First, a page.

Google Project Fi is a low-cost wireless service we talked about previously. While it doesn’t get as much buzz as their Fiber Internet service, it offers consumers a potentially cheaper alternative to other wireless carriers. Some tech industry pundits feel Project Fi serves to disrupt the wireless world in a similar manner as Google Fiber itself.


Project Fi may be a worthy wireless option for you. Logo copyright Google.

News appeared this week in Fortune about Project Fi now offering unlimited data. Let’s train our eye on the details to see if Fi makes sense as your wireless service.

Project Fi’s Data Plans benefit the Consumer

Even without offering unlimited data, Project Fi provides customers with data policies unique to the industry. For example, users only pay for the actual data they use. In short, they receive a monthly credit for unused data.

Their new unlimited data plan costs $60 per month. Customers keep the option for staying with their cheaper plan, with the unlimited data price kicking in once they reach that data threshold. One user pays $10 per gigabyte, so essentially they never pay more than that $60 per month no matter their data usage.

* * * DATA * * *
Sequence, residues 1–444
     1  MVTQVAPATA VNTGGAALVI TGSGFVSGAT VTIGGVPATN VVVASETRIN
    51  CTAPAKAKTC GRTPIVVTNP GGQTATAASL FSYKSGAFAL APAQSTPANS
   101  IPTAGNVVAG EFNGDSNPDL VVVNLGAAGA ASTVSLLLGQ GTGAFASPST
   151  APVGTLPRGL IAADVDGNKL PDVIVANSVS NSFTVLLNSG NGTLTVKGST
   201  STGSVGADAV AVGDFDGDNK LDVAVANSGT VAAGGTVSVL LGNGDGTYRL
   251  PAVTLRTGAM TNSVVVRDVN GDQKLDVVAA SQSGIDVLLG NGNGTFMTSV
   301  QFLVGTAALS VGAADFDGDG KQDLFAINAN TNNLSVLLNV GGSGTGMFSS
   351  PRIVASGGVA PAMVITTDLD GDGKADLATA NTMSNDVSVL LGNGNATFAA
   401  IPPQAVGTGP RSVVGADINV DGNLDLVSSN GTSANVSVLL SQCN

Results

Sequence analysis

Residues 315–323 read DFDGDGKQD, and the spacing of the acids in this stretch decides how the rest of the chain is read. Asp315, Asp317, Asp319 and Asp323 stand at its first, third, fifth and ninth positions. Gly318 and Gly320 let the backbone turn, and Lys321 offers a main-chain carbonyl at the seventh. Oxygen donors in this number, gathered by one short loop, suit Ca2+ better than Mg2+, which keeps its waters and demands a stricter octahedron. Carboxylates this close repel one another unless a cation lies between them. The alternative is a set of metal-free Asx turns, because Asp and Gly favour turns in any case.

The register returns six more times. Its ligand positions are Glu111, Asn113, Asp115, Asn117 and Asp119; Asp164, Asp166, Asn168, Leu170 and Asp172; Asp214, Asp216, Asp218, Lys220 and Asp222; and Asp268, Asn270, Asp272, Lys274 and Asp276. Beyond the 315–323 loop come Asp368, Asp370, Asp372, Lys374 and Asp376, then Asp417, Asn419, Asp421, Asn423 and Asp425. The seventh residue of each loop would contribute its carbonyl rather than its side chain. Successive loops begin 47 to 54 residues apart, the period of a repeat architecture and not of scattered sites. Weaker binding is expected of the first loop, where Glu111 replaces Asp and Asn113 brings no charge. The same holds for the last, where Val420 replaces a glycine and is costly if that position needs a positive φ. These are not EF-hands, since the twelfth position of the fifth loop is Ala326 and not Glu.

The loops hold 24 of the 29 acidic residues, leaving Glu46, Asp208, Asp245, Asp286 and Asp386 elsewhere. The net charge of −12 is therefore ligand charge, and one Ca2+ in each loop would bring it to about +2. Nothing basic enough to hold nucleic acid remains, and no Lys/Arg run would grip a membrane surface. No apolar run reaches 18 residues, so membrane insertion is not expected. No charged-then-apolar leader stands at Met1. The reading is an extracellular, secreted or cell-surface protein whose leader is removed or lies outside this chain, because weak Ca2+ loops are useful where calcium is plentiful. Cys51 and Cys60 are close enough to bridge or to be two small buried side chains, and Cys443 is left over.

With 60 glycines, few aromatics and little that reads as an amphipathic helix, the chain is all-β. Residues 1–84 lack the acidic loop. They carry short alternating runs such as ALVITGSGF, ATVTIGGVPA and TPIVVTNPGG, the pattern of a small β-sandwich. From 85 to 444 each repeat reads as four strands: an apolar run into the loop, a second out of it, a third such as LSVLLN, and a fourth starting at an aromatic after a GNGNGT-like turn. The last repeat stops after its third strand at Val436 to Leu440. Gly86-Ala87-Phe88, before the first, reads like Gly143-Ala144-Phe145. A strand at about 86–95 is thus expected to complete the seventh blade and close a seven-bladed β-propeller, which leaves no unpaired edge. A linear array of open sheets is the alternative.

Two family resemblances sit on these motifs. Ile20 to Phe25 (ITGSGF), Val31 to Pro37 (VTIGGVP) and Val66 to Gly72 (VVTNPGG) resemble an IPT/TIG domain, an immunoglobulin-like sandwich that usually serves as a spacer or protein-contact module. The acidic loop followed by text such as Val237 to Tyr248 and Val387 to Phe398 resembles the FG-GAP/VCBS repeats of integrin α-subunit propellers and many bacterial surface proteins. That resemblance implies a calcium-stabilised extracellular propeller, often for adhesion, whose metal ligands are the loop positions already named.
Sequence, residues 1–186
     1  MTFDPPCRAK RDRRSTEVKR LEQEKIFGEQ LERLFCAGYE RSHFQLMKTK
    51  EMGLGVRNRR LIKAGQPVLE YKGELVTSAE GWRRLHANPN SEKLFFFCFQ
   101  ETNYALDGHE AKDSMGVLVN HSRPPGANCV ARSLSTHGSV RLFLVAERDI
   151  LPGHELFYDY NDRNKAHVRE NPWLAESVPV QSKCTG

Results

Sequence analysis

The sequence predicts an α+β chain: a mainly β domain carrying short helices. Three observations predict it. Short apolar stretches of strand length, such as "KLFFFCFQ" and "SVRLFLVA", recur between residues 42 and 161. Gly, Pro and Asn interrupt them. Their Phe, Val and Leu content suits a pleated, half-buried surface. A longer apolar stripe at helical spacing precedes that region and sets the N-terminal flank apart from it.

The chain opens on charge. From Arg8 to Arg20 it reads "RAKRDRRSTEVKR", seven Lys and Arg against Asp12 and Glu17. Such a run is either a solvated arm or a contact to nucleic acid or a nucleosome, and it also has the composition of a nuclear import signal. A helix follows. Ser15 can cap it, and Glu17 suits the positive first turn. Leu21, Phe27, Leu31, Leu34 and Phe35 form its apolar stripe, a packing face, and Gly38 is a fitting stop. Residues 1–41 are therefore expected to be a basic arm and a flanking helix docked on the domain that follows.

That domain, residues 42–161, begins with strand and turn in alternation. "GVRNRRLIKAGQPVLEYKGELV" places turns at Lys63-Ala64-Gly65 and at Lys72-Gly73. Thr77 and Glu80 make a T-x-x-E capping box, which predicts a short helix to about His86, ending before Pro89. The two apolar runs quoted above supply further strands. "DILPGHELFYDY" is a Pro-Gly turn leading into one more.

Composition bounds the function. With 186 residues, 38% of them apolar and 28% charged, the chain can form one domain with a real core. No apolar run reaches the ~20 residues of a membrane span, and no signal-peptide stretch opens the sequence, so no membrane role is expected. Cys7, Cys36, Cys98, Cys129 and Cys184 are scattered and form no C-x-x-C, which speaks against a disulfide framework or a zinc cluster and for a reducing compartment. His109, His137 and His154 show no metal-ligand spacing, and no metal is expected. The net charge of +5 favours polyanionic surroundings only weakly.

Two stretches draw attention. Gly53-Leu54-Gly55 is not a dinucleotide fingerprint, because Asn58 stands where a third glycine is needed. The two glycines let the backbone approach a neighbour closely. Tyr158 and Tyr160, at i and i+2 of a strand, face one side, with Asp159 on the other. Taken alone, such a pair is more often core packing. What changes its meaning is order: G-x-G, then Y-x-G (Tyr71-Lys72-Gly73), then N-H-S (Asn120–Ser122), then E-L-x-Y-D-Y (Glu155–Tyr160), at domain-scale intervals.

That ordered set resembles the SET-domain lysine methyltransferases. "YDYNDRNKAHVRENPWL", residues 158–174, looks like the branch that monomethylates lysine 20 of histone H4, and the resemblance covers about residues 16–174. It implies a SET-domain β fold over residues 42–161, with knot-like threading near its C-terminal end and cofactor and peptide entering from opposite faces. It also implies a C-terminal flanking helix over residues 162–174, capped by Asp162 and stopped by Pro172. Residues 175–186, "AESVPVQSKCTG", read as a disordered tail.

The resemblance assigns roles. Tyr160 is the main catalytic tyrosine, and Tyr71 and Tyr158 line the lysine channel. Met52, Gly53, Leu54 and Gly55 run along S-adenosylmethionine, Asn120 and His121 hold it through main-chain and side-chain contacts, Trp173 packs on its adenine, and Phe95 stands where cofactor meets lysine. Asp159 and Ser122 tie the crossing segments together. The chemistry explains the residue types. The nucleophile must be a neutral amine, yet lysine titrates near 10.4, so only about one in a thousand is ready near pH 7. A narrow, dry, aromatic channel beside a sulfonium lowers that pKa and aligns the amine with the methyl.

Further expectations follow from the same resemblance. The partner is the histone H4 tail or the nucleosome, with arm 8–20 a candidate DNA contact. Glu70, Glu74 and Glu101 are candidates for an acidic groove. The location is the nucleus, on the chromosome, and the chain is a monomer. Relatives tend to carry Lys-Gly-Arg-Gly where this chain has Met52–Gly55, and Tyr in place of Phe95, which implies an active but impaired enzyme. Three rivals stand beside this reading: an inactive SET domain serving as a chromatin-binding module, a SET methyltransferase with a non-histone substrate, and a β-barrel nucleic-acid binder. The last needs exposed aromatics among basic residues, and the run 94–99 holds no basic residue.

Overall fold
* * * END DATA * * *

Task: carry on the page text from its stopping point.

For more details, check out the Google page explaining Project Fi’s plan pricing model. Plans for multiple users also exist. Families with six users pay no more than $180 for unlimited data. There is also a $20 monthly line fee no matter the number of users.

For its part, Google calls their unlimited data plan, “Bill Protection.” It is essentially a policy transparent to the user. In short, you pay for the data you use – and only that data. One caveat to note: Google may throttle your download speed if using more than 15GB per line in one month.

What about the Project Fi Wireless Speed?

A Project Fi plan also includes international roaming with high-speed data at no additional cost. But how fast is the Internet speed when using Fi? Google partners with T-Mobile, Sprint, and U.S. Cellular, so expect similar 4G speeds as provided by those carriers’ networks.

If you are interested in checking out Google Project Fi, chances are good coverage is available in your area. Once again, Google piggybacks on the networks of the three carriers mentioned earlier. A compatible device is another requirement. These include the Pixel, Android One Moto X4, Nexus 6P, Nexus 5X, and Nexus 6.

Stay tuned to Bandwidth Place for additional news and insights from the telecommunications world.